Andrew Miller, senior writer from ClearVision Optical has kindly provided us with the latest installment of Helpful Hints, which covers innovative ways to stretch your optical advertising dollars. This article is full of very good, useful information.
Getting The Most From Your Optical Advertising Budget:
In this economy (or any economy for that matter) one of the most closely scrutinized line items on any business’ budget is the one that reads advertising and marketing. Often, it’s the first area of discretionary spending to get cut from a budget in a down economy. However, if you can afford to keep advertising and marketing dollars in your budget – and you spend those dollars wisely – you will gain a sizable competitive advantage over those who have stopped spending in this area altogether.
Found money: Co-op Advertising
For starters, even if you have cut some money from your advertising budget, many vendors offer cooperative advertising programs that can go a long way in making up for those lost dollars. Co-op advertising policies differ from company to company, however most involve the larger company paying a portion of the advertising costs, in exchange for their product, logo or brand name being used in an agreed-on percentage of the advertisement.
ClearVision Optical offers customers a free co-op program that functions like a bank and accrues funds each year. The amount of funds in each customer’s account is based on a percentage of their qualifying purchases each year. The more they spend – the more funds they end up with in their account. These funds can then be used for up to a 50% reimbursement on approved marketing and advertising efforts.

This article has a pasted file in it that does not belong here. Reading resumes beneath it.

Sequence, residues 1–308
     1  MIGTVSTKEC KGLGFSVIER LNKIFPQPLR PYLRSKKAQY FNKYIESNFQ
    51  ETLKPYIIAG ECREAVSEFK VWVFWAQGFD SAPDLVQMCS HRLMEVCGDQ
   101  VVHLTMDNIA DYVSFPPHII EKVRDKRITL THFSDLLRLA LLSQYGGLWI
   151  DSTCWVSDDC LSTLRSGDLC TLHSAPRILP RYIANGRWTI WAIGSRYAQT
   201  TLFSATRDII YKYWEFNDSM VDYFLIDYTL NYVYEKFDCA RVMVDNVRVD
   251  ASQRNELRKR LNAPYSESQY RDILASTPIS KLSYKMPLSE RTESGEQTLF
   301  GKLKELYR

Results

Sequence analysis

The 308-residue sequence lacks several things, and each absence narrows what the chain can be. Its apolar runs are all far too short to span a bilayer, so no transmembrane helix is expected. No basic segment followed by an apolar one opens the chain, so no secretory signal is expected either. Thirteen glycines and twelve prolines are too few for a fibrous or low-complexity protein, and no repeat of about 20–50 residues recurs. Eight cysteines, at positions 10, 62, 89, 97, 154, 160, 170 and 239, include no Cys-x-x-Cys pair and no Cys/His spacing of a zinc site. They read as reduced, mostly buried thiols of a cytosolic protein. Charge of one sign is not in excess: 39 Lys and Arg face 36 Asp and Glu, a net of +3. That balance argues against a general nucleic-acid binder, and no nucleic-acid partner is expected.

Put it in print.
Newspapers, local shopping circulars and yellow pages phone directories each have their own merits when it comes to promoting your practice. According the Newspaper Association of America, more than 104 million Americans read a print newspaper every day and more than 52% of people are more likely to buy a product if they see it in a newspaper. Despite these statistics, the newspaper industries – and yellow pages directories for that matter – have been hurting as of late, which is good news for you. This gives you an extra chip when negotiating advertising rates. Another benefit of print advertising is that most print media outlets will provide free creative/production services for you when you buy ad space.
A newsletter is another simple, cost-effective means by which to advertise your services. By creating a newsletter and sending it to your existing customers, you can share a part of your world with them and leverage in important advertising messages and offers. Like newspaper publishers, printers too will often offer their layout services to you at little or no charge.
Music to your ears.
Radio reaches 91% of retail shoppers every week, according to a 2008 Scarborough USA study. Radio advertising is one of the most cost-effective advertising mediums out there. For less than you’d expect, you can run an effective radio campaign on stations in your area that generate real results. Best of all, as a rule of thumb, radio stations will write and produce your spots using either on-air personalities or other voiceover artists when you buy time on their station.
Like any advertising medium, direct mail works best when it is done with a high level of frequency. So whether you send out postcards, a newsletter or even personalized letters – it’s important that you keep sending them. Equally important is to keep in mind that you only have a few seconds to attract your recipient’s attention. Think of how you read and process your own mail. What do you read and what do you toss? What really gets your attention? Try to emulate the style and tone of those pieces that make your cut.